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U.S. Home Prices Up 5.5% In 2012 – But There Are Still Some Places To Get Great Deals!
Posted By Clayton Closson On January 31, 2013 @ 3:23 pm In Home Buying | No Comments
We’ve hit the bottom and we’re on the way back up. That’s the news from the latest Case Shiller index, which guages home prices across the country. Across the U.S., home prices rose an average 5.5% this past November, when compared with prices one year ago.
Some population centers are doing very well in the price rebound. Las Vegas, Phoenix, Miami, Tampa and many cities in California are experiencing healthy price jumps in housing values. Many of these areas were hit hardest after 2006, and homeowners there must be breathing a sigh of relief that the worst is behind them. Detroit is also doing very well with price increases. Although many homes here are still ridiculously undervalued (in some areas you can buy several homes for less than the price of an average automobile), the prices are moving up. Up is the direction we are looking for. The one exception is New York City. It was the only city of the 20 cities in the Case Shiller study that showed a price decline in November, year-over-year.
Here is a litte info from the Case Shiller report:
“The November monthly figures were stronger than October, with 10 cities seeing rising prices versus seven the month before.” says David M. Blitzer, Chairman of the Index Committee at S&P Dow Jones Indices. “Phoenix and San Francisco were both up 1.4% in November followed by Minneapolis up 1.0%. On the down side, Chicago was again amongst the weakest with a drop of 1.3% for November.
“Winter is usually a weak period for housing which explains why we now see about half the cities with falling month-to-month prices compared to 20 out of 20 seeing rising prices last summer. The better annual price changes also point to seasonal weakness rather than a reversal in the housing market. Further evidence that the weakness is seasonal is seen in the seasonally adjusted figures: only New York saw prices fall on a seasonally adjusted basis while Cleveland was flat.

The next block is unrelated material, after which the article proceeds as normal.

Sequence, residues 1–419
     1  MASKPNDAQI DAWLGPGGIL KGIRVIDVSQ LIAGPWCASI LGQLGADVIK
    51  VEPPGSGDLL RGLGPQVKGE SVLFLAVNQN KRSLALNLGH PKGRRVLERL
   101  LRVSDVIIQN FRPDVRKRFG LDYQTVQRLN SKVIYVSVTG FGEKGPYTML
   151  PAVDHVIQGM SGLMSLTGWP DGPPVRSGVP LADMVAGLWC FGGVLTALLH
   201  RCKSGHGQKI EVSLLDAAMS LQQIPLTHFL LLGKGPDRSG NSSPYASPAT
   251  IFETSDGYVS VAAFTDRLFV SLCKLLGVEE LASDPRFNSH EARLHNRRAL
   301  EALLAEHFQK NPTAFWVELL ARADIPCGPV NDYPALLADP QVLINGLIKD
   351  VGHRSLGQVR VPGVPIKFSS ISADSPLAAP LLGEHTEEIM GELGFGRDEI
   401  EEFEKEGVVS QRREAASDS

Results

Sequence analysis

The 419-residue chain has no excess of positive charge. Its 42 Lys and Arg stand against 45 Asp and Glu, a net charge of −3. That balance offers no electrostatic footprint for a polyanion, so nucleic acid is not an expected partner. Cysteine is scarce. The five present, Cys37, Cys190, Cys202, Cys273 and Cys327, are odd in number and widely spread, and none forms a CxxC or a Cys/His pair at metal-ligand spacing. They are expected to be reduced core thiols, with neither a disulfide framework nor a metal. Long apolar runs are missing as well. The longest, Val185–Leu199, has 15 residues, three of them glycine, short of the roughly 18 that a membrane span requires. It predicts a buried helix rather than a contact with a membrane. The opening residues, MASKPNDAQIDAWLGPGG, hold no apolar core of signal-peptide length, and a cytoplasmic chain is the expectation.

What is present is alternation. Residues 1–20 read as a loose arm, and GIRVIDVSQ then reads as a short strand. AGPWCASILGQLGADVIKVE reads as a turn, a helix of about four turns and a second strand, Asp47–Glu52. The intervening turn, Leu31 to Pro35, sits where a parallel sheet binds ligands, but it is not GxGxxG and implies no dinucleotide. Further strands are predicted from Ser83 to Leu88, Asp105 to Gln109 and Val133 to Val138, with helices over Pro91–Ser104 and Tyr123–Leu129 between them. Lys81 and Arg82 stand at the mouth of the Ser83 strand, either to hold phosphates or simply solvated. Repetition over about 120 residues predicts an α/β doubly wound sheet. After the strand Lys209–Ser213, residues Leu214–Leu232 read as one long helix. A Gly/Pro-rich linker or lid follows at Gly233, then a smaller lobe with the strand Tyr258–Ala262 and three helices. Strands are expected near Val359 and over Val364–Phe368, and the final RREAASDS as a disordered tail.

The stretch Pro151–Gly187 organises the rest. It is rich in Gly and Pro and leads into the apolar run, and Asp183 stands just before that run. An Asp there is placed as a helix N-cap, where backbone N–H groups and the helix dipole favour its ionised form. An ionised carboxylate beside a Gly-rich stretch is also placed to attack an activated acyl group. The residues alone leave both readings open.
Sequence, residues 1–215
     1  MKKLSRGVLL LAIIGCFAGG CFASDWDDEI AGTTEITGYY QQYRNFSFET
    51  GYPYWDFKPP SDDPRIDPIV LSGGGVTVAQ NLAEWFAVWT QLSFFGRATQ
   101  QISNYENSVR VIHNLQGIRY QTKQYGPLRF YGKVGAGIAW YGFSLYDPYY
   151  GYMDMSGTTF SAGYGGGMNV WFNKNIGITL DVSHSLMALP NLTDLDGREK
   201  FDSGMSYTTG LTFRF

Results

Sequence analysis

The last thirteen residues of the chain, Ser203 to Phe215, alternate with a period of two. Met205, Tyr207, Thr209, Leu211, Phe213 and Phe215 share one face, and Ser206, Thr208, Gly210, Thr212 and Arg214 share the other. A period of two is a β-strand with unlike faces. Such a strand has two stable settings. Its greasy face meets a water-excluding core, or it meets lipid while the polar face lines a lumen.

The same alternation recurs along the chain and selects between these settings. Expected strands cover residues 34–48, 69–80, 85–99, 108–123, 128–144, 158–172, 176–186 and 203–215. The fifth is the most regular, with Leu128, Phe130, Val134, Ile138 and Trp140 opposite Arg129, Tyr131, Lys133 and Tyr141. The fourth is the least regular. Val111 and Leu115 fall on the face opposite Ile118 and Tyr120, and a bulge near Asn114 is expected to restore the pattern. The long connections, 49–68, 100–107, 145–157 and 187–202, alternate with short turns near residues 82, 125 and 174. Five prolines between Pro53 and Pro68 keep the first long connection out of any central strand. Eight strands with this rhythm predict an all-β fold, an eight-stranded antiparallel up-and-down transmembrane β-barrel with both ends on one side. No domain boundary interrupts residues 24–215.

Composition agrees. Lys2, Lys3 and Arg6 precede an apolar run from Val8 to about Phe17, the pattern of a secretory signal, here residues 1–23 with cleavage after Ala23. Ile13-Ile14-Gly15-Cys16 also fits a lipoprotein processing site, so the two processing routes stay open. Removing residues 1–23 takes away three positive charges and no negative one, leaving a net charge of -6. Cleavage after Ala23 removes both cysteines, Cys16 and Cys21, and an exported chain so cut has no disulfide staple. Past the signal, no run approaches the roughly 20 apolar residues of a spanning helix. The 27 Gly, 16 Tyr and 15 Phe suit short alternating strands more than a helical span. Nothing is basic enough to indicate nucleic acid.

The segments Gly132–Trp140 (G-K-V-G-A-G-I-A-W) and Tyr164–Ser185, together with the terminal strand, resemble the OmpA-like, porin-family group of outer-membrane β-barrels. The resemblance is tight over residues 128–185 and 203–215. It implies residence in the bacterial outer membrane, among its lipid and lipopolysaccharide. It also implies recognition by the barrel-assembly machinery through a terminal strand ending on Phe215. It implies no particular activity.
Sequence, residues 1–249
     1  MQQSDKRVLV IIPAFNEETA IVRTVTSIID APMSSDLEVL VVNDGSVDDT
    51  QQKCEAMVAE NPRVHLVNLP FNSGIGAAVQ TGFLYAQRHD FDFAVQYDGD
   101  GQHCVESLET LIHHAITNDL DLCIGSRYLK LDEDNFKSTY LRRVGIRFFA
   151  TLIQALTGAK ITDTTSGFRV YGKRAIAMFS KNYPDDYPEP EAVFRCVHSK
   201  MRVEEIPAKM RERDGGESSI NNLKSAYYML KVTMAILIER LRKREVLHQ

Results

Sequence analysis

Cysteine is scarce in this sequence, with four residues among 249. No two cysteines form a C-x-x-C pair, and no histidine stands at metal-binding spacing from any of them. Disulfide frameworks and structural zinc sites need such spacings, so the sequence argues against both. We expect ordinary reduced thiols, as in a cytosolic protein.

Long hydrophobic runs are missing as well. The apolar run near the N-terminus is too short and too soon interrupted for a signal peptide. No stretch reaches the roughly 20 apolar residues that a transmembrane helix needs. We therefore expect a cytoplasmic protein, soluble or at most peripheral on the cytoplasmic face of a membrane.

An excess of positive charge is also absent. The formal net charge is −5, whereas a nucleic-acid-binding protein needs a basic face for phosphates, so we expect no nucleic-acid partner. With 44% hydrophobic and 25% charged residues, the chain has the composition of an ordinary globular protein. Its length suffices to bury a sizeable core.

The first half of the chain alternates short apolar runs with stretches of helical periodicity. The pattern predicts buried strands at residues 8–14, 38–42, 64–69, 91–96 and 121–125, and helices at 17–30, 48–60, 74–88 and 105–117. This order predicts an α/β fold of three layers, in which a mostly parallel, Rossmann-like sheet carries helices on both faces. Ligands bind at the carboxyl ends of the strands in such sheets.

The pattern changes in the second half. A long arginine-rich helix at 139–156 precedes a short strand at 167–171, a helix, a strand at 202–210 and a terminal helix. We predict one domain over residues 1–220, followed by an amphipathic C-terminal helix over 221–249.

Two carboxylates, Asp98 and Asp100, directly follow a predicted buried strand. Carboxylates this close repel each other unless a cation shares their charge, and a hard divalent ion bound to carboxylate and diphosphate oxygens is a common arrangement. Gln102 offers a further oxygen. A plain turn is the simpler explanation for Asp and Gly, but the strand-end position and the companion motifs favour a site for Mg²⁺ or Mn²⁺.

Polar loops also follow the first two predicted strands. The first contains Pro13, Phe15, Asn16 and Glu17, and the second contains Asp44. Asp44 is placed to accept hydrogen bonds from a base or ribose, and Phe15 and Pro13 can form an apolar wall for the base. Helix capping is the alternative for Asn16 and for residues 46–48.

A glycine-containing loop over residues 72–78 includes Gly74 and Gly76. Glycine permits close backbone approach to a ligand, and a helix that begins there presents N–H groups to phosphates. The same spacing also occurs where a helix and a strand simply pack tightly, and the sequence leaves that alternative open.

Regional patterns are shifting as well. The Southwest – Las Vegas and Phoenix – are staging a strong comeback with the Southeast — Miami and Tampa close behind. The sunbelt, which bore the brunt of the housing collapse, is back in a leadership position. California is also doing well while the northeast and industrial Midwest is lagging somewhat.
“Housing is clearly recovering. Prices are rising as are both new and existing home sales. Existing home sales in November were 5.0 million, highest since November 2009. New Home sales at 398,000 were the highest since June 2010. These figures confirm that housing is contributing to economic growth.
Higher prices are good. That’s pretty much common sense. They give homeowners confidence and can encourage home buyers to take action before prices rise. However, everyone like a good deal and hates to know they waited too long for the best value on buying a home. Rising home prices mean they waited too long, right?
Not necessarily. It actually depends on who you listen to and where you want to live.
Kiplinger recently release their slide show 12 Cities Where Home Prices Have Fallen Most.
Cities where you can still get a good bang for your buck when it comes to buying some property. In Toledo, for example, you can buy a super-nice house for a super-low price.
In Louisville, KY, prices have fallen about 26% since the peak of the market in 2006. Lots of deals there. The other cities to make the list are: Columbia SC, Springfield, MA, Baton Rouge, LA, Scranton/Wilkes, PA, Greensboro, NC, Memphis, TN, Omaha, NE, Knoxville, TN, Philadelphia, PA, and Portland, ME.
If you’re looking for a great low price on a home, these are some cities to check out. Of course, as a I mentioned, Detroit is stock-full of great homes for incredibly low prices.
Plus, downtown Detroit is undergoing a full-fledged business boom right now that has no signs of slowing down. Come join us. Or buy a home anywhere. That’s fine too.
While the home prices and mortgage rates are still low. If you wait too late, you’ll be sorry.
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